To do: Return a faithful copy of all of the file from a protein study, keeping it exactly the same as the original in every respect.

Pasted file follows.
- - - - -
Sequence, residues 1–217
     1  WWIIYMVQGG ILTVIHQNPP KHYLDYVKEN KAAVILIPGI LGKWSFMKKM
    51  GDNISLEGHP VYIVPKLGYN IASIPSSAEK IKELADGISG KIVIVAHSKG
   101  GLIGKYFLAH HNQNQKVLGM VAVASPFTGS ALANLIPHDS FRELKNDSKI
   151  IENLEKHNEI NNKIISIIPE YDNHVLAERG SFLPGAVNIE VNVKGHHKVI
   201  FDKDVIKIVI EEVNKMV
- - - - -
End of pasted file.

Sequence, residues 1–217
     1  WWIIYMVQGG ILTVIHQNPP KHYLDYVKEN KAAVILIPGI LGKWSFMKKM
    51  GDNISLEGHP VYIVPKLGYN IASIPSSAEK IKELADGISG KIVIVAHSKG
   101  GLIGKYFLAH HNQNQKVLGM VAVASPFTGS ALANLIPHDS FRELKNDSKI
   151  IENLEKHNEI NNKIISIIPE YDNHVLAERG SFLPGAVNIE VNVKGHHKVI
   201  FDKDVIKIVI EEVNKMV